Saturday, February 09, 2008


There was a VWR for the Opening Day lottery, but I got in pretty quickly, and was able to get four together for OD. There were some tense moments there, but I got the job done.

Friday, February 08, 2008

Important 2008 Fenway Dates

Just a few I've thought of...

Tuesday, April 8th: Ring ceremony, and 2007 World Champions flag raised.

Friday, May 2nd: Return of Eric Hinske (first Devil Rays game).

Friday, May 16th: Return of Gabe Kapler (first Brewers game).

Wednesday, September 3rd: Red Sox should break all time sell-out streak record, with 456 games in a row. (Provided my mat his correct and a cancelled game throws the date off.)

In other news, I've been alive 11,842 days. I've been a vegetarian for the last 2,961 days. As of today, I've officially been meat-free for one quarter of my life. I feel better overall, but I'm not doin' it for me.

Back to the original news, Yankee Stadium has an important date, too: September 21st, the last regular season game there ever. And we hope last game period. I still can't believe they're tearing the place down. Dunbar fans will be happy that the new stadium won't have a corporate name. You can find out all about it in this article which I'd normally call "nauseating," but this one's so over-the-top, it's just comical.

I know they want to make the new place look like the old one, but I think it's stupid to keep the same field dimensions. Who cares about that? It's not like you've got a unique set of outfield walls, like with Fenway. Those walls and their positions were put there for special reasons, and back when they talked about a "new Fenway," they wanted to maintain the old look. With Yankee Stadium, you can maintain the old look and still alter the fence distances to whatever you want them to be. What's sacred about a bland, mostly uniform fence and distances that have been constantly changing over eight decades?

Roger and his wife juicin'.

All Aboard! Hahahahahahaha

Crazy, but that's how it goes
Millions of people living as foes
Maybe it's not too late
To learn how to love, and forget how to hate

"Boston is a third-rate city because one of their sports teams lost a game one time." Yeah, that makes a lot of sense. We're all citizens of earth. Hate the teams, not the people. Keep the rivalries between teams--who play each other, i.e. play the same sport--not cities. I guess I'm a third-rate, cursed person because no teams from my hometown of Ridgefield, Connecticut have ever won a major league sports title.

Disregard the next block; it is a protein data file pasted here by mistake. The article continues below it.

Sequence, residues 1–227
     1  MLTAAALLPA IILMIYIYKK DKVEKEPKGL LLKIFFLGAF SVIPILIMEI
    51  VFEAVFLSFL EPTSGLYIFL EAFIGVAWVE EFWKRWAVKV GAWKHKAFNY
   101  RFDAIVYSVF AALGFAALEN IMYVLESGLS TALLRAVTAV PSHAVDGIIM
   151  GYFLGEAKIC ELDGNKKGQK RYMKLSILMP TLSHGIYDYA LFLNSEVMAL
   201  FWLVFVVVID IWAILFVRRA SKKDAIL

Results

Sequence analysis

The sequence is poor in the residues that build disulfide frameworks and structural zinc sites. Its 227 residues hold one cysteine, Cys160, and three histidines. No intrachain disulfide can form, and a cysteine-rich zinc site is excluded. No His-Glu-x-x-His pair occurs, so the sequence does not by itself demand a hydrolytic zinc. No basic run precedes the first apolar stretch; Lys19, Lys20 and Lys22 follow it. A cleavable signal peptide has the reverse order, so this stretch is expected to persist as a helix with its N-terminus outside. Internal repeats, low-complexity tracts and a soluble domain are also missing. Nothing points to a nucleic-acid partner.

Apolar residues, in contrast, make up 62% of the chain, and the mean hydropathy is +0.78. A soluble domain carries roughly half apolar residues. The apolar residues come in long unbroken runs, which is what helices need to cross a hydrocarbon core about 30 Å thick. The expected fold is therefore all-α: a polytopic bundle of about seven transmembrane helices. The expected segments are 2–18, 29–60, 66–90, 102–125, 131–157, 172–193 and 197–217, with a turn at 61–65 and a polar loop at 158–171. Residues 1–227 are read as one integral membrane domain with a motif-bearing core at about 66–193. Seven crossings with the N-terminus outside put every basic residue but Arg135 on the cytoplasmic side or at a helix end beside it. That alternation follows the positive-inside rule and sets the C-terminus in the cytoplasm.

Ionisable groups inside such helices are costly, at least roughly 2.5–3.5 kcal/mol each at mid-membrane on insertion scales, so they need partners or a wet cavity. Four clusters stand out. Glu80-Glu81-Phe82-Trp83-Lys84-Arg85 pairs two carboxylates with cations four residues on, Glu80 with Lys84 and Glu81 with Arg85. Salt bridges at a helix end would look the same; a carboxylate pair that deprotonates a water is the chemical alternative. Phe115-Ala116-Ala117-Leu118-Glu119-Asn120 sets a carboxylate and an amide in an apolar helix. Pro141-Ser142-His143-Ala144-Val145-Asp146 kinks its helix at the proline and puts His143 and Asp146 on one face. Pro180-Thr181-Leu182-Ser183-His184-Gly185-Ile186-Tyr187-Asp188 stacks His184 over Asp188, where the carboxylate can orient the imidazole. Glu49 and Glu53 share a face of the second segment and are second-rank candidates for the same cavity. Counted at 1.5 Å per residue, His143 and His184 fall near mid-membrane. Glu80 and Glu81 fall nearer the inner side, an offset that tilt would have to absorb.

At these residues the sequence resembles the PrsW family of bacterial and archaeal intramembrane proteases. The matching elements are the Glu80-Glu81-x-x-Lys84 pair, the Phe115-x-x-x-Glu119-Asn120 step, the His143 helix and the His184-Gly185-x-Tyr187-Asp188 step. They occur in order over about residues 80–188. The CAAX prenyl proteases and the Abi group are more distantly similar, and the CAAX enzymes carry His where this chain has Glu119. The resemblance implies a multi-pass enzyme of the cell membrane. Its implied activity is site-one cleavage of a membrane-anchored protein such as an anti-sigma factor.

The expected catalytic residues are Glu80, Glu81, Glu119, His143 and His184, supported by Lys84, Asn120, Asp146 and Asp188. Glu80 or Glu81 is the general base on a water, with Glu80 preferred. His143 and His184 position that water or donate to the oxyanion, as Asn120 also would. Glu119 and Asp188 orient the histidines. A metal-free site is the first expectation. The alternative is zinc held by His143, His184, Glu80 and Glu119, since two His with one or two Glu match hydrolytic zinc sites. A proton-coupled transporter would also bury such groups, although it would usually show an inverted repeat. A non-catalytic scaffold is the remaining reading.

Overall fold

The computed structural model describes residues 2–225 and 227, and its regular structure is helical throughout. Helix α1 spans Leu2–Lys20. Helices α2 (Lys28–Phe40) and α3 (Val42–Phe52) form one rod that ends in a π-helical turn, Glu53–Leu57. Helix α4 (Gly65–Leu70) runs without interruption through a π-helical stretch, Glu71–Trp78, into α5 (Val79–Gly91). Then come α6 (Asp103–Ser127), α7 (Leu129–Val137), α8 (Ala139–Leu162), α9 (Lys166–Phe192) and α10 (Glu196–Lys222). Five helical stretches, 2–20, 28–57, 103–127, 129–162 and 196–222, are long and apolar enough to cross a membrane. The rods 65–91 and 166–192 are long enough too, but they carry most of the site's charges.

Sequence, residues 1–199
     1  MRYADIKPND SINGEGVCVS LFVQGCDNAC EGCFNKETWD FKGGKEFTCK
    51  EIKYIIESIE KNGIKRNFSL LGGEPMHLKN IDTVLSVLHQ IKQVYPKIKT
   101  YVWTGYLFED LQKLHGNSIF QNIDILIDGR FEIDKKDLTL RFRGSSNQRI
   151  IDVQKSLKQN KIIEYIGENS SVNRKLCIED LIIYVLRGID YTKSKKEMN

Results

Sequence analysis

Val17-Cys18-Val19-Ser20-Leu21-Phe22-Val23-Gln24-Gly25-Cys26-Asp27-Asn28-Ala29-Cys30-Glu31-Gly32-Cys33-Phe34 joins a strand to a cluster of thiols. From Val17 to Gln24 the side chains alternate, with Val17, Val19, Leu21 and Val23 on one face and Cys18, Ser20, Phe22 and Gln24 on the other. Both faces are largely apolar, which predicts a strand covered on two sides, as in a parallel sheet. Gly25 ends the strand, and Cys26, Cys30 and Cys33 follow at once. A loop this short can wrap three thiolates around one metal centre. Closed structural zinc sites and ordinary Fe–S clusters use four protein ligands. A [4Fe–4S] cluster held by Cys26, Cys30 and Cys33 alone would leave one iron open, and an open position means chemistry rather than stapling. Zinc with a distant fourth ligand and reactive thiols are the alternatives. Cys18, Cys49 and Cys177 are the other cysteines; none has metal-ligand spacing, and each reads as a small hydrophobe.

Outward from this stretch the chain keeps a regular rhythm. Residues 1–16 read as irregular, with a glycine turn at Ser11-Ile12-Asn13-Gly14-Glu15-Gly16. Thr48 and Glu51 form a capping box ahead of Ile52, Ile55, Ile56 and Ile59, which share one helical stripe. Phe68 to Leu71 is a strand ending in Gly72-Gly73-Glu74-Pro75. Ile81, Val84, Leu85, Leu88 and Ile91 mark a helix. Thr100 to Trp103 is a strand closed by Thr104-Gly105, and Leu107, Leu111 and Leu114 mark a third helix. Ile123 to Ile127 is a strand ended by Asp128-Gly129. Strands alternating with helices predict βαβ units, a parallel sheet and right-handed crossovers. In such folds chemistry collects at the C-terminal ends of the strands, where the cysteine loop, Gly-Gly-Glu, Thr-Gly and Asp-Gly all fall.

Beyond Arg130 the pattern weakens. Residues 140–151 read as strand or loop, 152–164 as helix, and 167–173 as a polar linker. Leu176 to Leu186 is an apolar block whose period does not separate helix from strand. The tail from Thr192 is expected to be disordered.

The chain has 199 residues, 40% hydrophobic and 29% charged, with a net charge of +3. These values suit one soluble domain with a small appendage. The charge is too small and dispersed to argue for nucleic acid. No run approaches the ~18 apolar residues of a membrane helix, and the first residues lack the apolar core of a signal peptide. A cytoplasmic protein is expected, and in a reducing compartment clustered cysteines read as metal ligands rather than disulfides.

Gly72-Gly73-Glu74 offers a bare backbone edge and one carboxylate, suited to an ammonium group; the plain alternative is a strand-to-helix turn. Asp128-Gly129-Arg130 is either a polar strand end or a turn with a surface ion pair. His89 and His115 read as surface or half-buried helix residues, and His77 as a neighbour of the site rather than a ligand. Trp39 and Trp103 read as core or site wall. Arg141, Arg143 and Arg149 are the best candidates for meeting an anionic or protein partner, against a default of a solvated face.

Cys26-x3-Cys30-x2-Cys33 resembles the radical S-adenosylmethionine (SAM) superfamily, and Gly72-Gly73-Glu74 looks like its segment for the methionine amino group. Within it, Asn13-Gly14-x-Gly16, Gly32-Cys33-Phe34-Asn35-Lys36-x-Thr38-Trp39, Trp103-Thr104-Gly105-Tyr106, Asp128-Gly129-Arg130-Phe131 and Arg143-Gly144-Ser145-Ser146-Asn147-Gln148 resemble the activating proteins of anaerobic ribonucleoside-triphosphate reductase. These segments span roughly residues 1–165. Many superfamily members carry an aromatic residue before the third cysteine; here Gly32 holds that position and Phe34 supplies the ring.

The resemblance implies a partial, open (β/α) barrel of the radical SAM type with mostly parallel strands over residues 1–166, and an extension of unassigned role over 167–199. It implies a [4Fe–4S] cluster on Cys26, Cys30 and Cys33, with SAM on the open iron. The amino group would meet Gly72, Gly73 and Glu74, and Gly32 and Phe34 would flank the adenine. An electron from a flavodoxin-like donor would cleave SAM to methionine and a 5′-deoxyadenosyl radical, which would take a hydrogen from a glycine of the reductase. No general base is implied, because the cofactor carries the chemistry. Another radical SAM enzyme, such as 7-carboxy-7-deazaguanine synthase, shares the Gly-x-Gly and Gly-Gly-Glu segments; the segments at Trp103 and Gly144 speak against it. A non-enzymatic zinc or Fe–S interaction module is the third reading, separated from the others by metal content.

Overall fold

Mental wounds not healing
Life's a bitter shame
I'm goin' off the rails on a crazy train
I'm goin' off the rails on a crazy train

It doesn't affect me. It doesn't affect me. It doesn't affect me. It doesn't affect me. Keep tellin' yourself....

I've listened to preachers,
I've listened to fools
I've watched all the dropouts
Who make their own rules

The irrelevant (that's a private joke--Simmons is a fine, upstanding young man) Bill Simmons comes out and says "advantage, New York." He doesn't mention that there are nine teams in New York and four in Boston. That's the advantage, Bill. So let me get this straight: Approximately two of the nine New York teams can say they're doing better than the Boston team in their sport right now, and New York has the advantage? But even that doesn't matter, as each sport has absolutely nothing to do with any of the other ones, and any time a New York team wins, the half of the fans there who like the other New York team lose.

One person conditioned
to rule and control
The media sells it
and you live the role

It was so predictable. As soon as the Giants-Packers game ended, I saw it in my mind. Giants beat Patriots, and Yankee fans, desperate for anything to make 2004 go away, call Red Sox fans chokers, talk about how "this makes up for '04," etc. (They already tried to use last year's Mets collapse in their plight--saying, as if it were fact, that that was the "greatest choke of all time.") Quickly the idea was put forth by the media. My worst fears had become more than a glint in their daddy's eyes, as pointed out to me by Matty and Taylor, each reporting on different BS articles: If the Giants win, Yankee fans are officially allowed to use it to make something that happened between different teams in a different sport magically disappear. Even though some Giants fans are Mets fans. And some Yankee fans are Jet fans. And some people from New York and Boston and the many towns in between like some teams from one city and some from the other. And plenty of baseball fans don't give a crap about football, and vice versa. And most people--and this may shock and amaze you--don't follow sports! But still, mark it down: Certain result of football game happens, your huge choke never happened.

And then that result happened. The next day, sure enough, my Yankee/Giant fan friend, who doesn't read my blog, writes me (me, a non-Patriots fan) an e-mail saying "this makes up for 2004!" Here we go....

Mental wounds still screaming
Driving me insane
I'm goin' off the rails on a crazy train
I'm goin' off the rails on a crazy train

It affects me no matter what I do. I'm not just writing for the hell of it: "Hey, what if I pretended I really cared about something and tried to make people feel sorry for me." I knew a Patriots loss in the Super Bowl would mean I'd hear things that make me want to barf up a bile bomb. Two full weeks of pre-result worry. At least I came prepared.

I know that things are going wrong for me
You gotta listen to my words, yeah, yeah